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article imagePolice in Northern Ireland prevent mortar attack

By Paul Iddon     Mar 4, 2013 in World
The Police Service of Northern Ireland acted decisively to prevent a mortar attack on a police station, foiling an attack that is eerily reminiscent of the kind of violence that plagued that polity throughout the course of the Troubles.
Smaller more obscure Irish nationalist militias are who the Northern Ireland authorities assume are behind this foiled attack. However as of writing no group has claimed responsibility.
A white van was intercepted by police forces. Four mortar bombs were about to be deployed. Following the evacuation of a hundred homes in the area army engineers managed to disarm these weapons.
The Chief Superintendent overseeing this disarmament, a man named Stephen Cargan, informed journalists that, "We could have been looking at mass murder today if those devices had exploded and hit their intended target. It was clearly sophisticated and worrying in terms of capability." (Reuters, March 4 2013)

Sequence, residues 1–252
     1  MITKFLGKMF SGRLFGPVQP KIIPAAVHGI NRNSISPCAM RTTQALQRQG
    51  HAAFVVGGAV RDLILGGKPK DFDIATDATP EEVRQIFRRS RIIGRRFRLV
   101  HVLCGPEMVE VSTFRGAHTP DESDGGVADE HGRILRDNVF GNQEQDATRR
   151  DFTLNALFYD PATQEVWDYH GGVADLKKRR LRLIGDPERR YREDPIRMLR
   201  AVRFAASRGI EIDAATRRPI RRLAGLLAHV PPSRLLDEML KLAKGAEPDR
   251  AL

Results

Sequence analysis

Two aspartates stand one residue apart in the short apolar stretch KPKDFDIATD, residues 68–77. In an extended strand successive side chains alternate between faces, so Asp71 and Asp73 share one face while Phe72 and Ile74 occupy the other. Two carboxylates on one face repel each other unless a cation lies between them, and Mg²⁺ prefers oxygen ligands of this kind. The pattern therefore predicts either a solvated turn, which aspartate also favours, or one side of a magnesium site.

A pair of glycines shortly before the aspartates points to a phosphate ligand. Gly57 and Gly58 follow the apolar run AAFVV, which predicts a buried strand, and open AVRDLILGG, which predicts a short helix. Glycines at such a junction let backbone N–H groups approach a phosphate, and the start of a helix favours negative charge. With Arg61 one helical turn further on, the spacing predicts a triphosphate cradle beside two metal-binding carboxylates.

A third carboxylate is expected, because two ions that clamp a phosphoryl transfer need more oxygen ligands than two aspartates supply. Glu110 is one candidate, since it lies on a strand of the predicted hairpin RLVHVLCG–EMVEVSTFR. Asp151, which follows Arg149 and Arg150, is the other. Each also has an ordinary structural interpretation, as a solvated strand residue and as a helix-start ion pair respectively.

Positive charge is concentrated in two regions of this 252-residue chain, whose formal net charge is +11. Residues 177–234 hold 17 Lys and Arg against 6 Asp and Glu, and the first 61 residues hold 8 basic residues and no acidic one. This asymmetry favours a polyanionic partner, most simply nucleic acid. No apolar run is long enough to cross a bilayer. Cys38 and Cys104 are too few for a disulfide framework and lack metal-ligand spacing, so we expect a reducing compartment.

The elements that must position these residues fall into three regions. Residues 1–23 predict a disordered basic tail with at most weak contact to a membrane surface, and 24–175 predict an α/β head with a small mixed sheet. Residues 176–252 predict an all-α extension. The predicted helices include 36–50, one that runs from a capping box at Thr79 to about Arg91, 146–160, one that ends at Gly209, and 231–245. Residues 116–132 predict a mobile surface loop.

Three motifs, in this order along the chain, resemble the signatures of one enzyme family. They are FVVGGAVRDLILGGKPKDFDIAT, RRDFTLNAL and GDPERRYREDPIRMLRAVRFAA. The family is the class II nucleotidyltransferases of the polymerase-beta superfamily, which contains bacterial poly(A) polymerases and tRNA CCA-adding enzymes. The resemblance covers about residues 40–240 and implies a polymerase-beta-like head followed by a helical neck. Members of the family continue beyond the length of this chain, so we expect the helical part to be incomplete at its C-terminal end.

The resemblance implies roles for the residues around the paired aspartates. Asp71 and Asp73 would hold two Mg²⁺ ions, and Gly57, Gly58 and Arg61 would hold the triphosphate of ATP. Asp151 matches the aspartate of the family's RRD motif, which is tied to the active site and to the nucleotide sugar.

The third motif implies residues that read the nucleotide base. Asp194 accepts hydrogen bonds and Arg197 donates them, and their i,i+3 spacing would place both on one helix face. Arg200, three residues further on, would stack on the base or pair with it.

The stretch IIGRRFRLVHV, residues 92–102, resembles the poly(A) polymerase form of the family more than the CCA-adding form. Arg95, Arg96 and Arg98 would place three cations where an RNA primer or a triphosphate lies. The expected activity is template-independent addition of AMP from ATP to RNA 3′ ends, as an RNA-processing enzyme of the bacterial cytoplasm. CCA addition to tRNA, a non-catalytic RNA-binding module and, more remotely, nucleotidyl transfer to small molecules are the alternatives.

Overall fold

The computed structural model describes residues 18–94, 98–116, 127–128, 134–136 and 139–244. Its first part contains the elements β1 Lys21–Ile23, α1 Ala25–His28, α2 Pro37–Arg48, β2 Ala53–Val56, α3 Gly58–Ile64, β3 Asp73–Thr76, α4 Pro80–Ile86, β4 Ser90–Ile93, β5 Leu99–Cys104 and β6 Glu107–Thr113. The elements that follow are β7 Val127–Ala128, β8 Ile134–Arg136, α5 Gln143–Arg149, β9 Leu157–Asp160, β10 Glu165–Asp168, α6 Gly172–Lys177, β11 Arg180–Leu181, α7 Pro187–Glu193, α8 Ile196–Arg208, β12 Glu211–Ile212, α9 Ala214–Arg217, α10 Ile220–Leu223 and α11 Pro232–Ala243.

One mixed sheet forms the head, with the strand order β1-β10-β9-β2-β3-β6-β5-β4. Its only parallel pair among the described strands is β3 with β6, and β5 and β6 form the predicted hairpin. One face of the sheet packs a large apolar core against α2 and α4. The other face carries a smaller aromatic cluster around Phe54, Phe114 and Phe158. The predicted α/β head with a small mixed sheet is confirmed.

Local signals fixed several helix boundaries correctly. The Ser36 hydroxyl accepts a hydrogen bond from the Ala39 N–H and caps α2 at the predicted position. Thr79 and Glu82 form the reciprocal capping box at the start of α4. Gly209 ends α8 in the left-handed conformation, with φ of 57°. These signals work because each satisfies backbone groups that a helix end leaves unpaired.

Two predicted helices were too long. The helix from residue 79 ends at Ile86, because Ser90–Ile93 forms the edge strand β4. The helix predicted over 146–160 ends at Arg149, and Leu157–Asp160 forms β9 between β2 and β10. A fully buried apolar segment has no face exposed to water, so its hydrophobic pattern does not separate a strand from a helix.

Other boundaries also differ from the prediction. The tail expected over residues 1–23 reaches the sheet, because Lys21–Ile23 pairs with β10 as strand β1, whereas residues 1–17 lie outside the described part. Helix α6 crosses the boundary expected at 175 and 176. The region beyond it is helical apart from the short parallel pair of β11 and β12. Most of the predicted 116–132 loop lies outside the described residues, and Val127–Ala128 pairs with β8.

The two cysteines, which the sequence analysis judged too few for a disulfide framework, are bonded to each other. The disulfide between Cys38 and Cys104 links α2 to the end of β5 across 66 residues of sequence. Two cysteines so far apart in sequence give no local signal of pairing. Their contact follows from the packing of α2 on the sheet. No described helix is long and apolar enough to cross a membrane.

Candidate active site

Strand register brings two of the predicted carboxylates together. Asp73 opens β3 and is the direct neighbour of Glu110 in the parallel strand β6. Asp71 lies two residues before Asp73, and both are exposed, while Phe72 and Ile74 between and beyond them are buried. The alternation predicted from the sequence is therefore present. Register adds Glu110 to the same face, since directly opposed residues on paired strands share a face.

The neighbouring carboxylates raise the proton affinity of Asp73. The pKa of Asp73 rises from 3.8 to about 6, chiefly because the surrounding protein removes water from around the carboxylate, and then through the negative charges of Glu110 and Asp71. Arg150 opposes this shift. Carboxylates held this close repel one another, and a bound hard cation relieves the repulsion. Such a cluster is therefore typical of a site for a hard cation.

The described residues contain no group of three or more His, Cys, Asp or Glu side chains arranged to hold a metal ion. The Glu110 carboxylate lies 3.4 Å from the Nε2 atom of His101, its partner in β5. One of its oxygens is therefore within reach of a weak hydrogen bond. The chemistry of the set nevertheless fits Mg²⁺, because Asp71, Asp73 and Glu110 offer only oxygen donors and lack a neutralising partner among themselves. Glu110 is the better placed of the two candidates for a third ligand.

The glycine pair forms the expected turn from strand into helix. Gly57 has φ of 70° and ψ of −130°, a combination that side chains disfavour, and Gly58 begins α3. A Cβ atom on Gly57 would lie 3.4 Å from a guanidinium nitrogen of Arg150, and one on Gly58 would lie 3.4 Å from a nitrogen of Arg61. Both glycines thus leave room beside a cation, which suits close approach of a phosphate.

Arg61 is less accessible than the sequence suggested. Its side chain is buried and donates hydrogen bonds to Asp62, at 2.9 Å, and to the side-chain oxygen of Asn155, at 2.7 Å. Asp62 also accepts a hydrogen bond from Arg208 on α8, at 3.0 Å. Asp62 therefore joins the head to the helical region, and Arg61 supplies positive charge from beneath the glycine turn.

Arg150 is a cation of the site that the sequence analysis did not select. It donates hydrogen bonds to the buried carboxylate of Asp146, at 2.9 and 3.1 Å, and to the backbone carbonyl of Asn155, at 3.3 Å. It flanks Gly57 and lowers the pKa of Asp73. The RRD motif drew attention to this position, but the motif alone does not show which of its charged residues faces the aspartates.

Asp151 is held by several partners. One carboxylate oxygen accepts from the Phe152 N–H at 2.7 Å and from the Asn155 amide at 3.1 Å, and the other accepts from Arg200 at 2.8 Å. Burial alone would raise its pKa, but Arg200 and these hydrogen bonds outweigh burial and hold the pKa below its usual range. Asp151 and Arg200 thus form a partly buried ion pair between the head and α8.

Cargan also stated that, "These devices were primed. They are crude home-made devices and there is no way people who made these bombs would be certain they would have hit their target. There would have been mass murder of police, and serious damage to property." (The Independent, March 4 2013)
This was similar to an event in February 1991 when the IRA launched mortars aimed at 10 Downing Street. It was a similar mode of operation, simple van parking up and homemade mortars aimed at their target. Whilst on that occasion the IRA failed to kill anyone the bombs did force the cabinet inside 10 Downing Street to duck under the table. Had one shell been a few yards in the other direction it could have had killed the entire cabinet -- which consisted of the War Cabinet and senior government and military officials who were conglomerated to discuss Britain's course of action in the then ongoing Persian Gulf War against Iraq.
More about Northern ireland, Terrorism, Troubles, Mortar, Irish
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